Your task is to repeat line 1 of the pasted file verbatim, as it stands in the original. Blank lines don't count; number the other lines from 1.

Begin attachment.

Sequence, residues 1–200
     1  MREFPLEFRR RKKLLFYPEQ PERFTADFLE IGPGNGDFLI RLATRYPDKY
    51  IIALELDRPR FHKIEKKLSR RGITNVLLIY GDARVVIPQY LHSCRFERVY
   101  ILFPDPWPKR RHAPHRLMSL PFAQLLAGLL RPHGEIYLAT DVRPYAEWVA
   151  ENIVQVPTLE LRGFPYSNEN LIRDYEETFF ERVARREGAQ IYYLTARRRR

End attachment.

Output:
Sequence, residues 1–200